Where would this industry— or people like me for that matter—be without some- thing to buzzabout? Over the past several
months there has been an unusual amount
about that beast with a thousand arms called
Amazon and the expansion of its private
label. It comes as no surprise that the online
retailer is shooting for a bigger piece of this
$118 billion high-margin pie and yet another
category where it can control branding and
Recent entry into the private label segment include labels like Happy Belly for
nuts, spices, tea and
cooking oils; Presto,
for detergents and
other home goods;
Wickedly Prime for
snacks; and Mama
Bear for diapers and
baby food. Then there
is Society New York for
women’s clothing and
Franklin and Freeman
for men’s shoes. While
some observers feel
the names are a bit
haphazard they are kitschy enough to attract
Some retail industry sources believe that
Amazon’s opportunistic, throw-everything-against–the-wall-to-see-what-sticks strategy,
might not work well in private label. And its
tendency to change terms on short notice
may not sit well with entrepreneurial vendors.
I have been working with private label
retailers and manufacturers for many years.
The one thing this diverse group has in com-
mon can be summed up in one word—com-
mitment. Building an effective, consistent
and profitable private label business is a
long-term proposition that has to gain the
trust of consumers who have no shortage of
products from which to choose.
From my perspective, Amazon, now the
nation’s ninth largest retailer, is less concerned with developing products then it is
having control over shipping and distribution. The thinking is that consumers, particularly the much-coveted Millennials, are more
loyal to companies that distribute products
than they are the actual brands.
Clearly, private label gives Amazon greater
control over shipping and distribution. But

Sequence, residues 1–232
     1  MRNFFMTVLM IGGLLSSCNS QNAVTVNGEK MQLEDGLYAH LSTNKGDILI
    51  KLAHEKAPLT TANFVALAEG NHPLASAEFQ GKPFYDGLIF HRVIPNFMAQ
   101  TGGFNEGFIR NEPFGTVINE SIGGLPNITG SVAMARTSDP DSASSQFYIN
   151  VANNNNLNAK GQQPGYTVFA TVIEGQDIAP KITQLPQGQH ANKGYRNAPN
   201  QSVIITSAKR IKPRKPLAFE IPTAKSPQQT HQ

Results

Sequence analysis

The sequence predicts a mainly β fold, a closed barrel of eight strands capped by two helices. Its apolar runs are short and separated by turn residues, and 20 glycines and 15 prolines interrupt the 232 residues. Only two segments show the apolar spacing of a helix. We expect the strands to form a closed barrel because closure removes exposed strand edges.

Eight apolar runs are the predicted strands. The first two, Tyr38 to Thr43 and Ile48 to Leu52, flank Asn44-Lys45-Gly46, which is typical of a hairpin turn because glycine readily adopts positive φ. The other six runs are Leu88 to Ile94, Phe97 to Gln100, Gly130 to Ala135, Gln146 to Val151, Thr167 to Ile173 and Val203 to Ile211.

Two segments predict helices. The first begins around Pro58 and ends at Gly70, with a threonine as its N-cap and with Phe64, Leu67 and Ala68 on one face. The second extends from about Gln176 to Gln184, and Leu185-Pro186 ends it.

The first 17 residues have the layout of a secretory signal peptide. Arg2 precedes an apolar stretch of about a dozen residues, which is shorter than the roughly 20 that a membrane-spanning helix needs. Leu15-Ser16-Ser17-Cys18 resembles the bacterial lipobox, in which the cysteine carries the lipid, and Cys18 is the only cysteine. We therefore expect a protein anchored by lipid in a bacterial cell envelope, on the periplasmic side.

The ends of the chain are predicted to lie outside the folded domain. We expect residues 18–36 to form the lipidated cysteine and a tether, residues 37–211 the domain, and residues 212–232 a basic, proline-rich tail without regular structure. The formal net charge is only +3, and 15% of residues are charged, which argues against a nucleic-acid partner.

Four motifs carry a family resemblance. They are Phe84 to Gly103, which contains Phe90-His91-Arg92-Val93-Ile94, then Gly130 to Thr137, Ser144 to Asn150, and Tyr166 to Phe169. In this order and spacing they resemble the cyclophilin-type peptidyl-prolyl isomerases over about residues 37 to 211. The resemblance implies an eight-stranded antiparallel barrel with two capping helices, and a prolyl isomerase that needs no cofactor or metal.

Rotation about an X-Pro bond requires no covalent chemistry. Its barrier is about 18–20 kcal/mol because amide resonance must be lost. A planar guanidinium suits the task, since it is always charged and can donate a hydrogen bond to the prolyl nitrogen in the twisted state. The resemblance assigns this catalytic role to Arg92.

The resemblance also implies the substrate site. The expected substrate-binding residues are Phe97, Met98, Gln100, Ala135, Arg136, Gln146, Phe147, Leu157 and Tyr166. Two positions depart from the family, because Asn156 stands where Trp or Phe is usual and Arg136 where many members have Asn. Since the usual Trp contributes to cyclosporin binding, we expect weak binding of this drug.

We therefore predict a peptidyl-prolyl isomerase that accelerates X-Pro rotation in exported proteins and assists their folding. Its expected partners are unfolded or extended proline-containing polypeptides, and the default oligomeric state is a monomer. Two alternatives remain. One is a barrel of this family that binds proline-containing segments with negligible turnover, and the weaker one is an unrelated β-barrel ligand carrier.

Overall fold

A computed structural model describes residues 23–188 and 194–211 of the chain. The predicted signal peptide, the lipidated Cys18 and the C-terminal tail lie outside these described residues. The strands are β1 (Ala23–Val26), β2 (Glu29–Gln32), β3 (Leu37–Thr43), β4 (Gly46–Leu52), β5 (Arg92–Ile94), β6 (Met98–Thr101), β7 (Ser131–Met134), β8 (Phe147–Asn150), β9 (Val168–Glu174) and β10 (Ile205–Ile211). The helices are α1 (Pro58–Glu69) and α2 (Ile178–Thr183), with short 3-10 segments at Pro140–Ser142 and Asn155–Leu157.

they seem to be holding private label at arm’s
length—not identifying it as part of Amazon
in any way and publicizing the manufacturer’s customer service department rather than
All this could change as Amazon continues
to roll out products. But as every brand or private label marketer knows, you have to take
ownership of a product to make it successful and build customer loyalty. Another mistake that should be rectified at some point
is only offering items to its Amazon Prime
$99-a-year members. This can give the products a certain exclusivity, but it also makes
private label seem like another money grab.
As one Gartner analyst said: “The entire
Amazon ecosystem revolves around Prime.”
The reason is that it is incredibly lucrative
and Amazon does not have to lift a finger.
Moreover, research by Consumer Research
Intelligence Partners shows that Prime members—an estimated 52 million—spend
about $1, 100 annually, twice as much as
Once again this brings up the question of
whether Amazon is interested in long-term
development of its own brands or just selling memberships.
In some respects, this is good news for
national brands. However, Amazon’s entry
remains a significant threat to the CPG companies that are already operating under tight
margins. There is just so much cost-cutting
you can do to offset that.
Additionally, Amazon’s reportedly heavy
use of entrepreneurial companies for private label manufacturing could be a double-edged sword. On the upside, it is giving more companies a chance to develop
a private label business with a powerful
and expansive retailer. In effect, Amazon is
expanding the marketplace. Getting a spot
as a seller on Amazon could be a dream
come true for many smaller vendors, but so
was getting your product into Walmart. For
how many has that dream become a stone
The problem here is something I mentioned earlier. Amazon seems to be divorcing
itself from these private brands and simply
throwing them up on the website without
any promotion or connection between
Amazon and its shoppers. Of course on the
upside, this certainly mitigates the risk if a
Furthermore, there is no indication that
Amazon, for whom speed is essential, will
invest the time needed for a product or category to catch on. This is underscored by the
company’s ill-fated venture with Amazon
Essentials several years ago, which were
canned after only a month. More successful is
AmazonBasics, which launched in 2009 and
now has more than 900 products from electronics to domestics.
I would not presume to predict the outcome of Amazon’s private label strategy.
Sometimes you win, sometimes you lose—
but Amazon is not known for leaving money
on the table.
MY PRIVATE AMAZON
Amazon is expanding its private brand offerings, but is the internet giant fully embracing private label?
By Len Lewis
Len Lewis is a regular Grocery
Headquarters columnist and
veteran industry journalist.